This recipe is the best kind of recipe from Simply Delicious, an easy one. I’m not the most confident at preparing roast beef in this manner, however, the method shown in 8-31: Roast Beef is easy and can be applied to other cuts of meat such as lamb. 🍖
Simple is the best way to describe baking a roast beef in the oven.
Editor’s note: I’ve made this one before–it was part of my fancy dinner party I had in my first apartment after college. You know, before I had to surrender it to the roaches. 😯 I’ve continued to use it as a basic roast beef recipe, although now I like to do a beef broth/mixed-herb/red wine marinade before roasting.
8-32: Indian Beef Casserole is an affront to Indian cooking worldwide. It is a dish that barely any Indian people would actually eat because it contains beef! 🐮
During my brief trip to India, I actually ate some beef served by the hotel which was spiced similar to this dish. This hotel served beef because it hosted a lot of travelers from USA and Europe who usually eat beef. Indian culture perceives the cow as sacred and a significant portion of the population observes a vegetarian diet. 🇮🇳
Stroganoff was a VERY common dish in my house growing up–usually made with plain ground turkey, powdered mix from a packet, and some light sour cream (which is essentially tasteless mush–real sour cream was a revelation when I got older). It got to the point where I couldn’t even stand the smell of stroganoff because my mom made this dish so often.
Time has passed, and stroganoff & I have had a reconciliation. I make it about once every other month now for work, but from scratch and not with packet mix (but still using ground turkey since it’s leaner). Simply Delicious has two stroganoff recipes: 13-6: Mushroom Stroganoff (a vegetarian version) and this one, 8-12: Beef Stroganoff. I made both at the same time, as part of a stroganoff-off.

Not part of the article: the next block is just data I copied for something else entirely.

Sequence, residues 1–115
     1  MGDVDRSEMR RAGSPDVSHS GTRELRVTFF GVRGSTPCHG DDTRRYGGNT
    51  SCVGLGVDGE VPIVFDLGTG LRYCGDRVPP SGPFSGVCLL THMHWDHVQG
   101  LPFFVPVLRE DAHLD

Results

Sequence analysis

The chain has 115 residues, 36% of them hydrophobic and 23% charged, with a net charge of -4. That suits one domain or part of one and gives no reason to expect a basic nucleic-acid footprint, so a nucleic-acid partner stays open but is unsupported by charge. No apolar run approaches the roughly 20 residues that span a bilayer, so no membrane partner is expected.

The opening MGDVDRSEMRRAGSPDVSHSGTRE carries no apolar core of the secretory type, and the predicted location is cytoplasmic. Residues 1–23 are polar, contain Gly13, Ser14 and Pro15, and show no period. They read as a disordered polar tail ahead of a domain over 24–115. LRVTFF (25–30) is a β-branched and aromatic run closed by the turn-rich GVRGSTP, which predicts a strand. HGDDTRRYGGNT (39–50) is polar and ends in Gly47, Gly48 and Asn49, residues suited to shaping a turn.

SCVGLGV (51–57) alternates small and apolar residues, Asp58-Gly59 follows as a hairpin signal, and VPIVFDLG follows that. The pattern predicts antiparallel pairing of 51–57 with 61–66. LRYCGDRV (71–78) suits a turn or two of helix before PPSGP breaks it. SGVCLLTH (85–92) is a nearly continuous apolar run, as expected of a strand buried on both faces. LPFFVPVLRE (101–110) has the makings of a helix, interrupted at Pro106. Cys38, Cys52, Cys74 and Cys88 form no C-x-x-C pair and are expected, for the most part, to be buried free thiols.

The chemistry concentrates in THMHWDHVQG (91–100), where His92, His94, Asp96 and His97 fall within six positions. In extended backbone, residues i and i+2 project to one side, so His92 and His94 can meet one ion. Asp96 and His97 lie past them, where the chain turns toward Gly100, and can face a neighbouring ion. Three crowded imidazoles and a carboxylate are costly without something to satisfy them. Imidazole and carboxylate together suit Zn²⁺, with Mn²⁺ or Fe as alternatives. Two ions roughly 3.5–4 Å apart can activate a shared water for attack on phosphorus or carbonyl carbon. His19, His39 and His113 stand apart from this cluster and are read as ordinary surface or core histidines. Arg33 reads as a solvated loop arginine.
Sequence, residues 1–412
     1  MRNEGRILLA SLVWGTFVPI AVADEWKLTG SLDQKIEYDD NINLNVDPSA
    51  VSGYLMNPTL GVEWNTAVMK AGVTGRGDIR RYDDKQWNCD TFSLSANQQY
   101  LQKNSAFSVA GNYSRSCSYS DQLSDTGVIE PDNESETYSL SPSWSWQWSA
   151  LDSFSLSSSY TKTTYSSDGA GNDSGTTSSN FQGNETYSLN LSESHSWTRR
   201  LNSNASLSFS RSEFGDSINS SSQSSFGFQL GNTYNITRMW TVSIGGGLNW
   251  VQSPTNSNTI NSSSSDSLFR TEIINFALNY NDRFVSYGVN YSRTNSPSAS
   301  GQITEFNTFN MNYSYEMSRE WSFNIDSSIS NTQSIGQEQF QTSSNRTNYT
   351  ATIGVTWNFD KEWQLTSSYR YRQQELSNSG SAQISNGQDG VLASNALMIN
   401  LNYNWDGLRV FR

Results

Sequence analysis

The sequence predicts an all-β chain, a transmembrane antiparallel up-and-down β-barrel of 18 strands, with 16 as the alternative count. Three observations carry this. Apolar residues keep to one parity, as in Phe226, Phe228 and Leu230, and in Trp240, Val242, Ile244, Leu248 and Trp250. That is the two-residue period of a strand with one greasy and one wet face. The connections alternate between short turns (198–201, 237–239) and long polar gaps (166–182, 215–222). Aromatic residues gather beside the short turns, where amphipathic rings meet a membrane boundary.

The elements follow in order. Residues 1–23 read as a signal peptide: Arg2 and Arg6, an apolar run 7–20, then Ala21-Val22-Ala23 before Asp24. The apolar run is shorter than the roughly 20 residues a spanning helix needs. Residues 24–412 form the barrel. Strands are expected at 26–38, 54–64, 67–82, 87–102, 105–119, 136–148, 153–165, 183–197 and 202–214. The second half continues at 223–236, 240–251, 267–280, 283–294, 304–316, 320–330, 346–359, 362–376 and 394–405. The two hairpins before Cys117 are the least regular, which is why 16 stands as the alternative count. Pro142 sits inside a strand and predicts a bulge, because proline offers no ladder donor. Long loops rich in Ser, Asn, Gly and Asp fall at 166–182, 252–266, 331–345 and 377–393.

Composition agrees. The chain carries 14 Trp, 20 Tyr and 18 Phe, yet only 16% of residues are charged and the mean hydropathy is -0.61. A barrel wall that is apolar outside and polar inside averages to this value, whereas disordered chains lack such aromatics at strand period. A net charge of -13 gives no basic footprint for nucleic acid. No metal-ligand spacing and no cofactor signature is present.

Beef stroganoff is a pretty well known dish, and it’s not surprising that it’d be included in a book like this with so many other “classic” dishes. Let’s see how far Simply Delicious strays from the norm–who knows…they might surprise us.
I have never cooked steak using the method in this recipe, 8-11: Sirloin Steak Baked in Foil, before and I probably would never cook them this way again. I like all the extra garnish, but it is a pain to cut and prepare that many vegetables for people to pick around to get to the main ingredient, the BEEF. 🐮
I used the red wine suggestion on the card, but I felt like I should have used beef broth to keep the beef-y flavor. This recipe also keeps a trend going, sticking with the foil pouch cooking method that Jamie used in the previous recipe on here, 6-25: Salmon-Filled Chicken Breasts.
Editor’s note: AHOY-HOY to everyone visiting from HungryBrowser.com! If you’d like to know more about me or this site, please visit About the Author and/or THE COOKBOOK PROJECT–they’ll tell you what this is all about. I’m not the only author on this site–my husband Adam wrote the post below (it’s kind of a teamwork thing–there’s a LOT of recipes in this book). Thanks for stopping by, and feel free to check out some of the other recipes we’ve done! — 11/01/17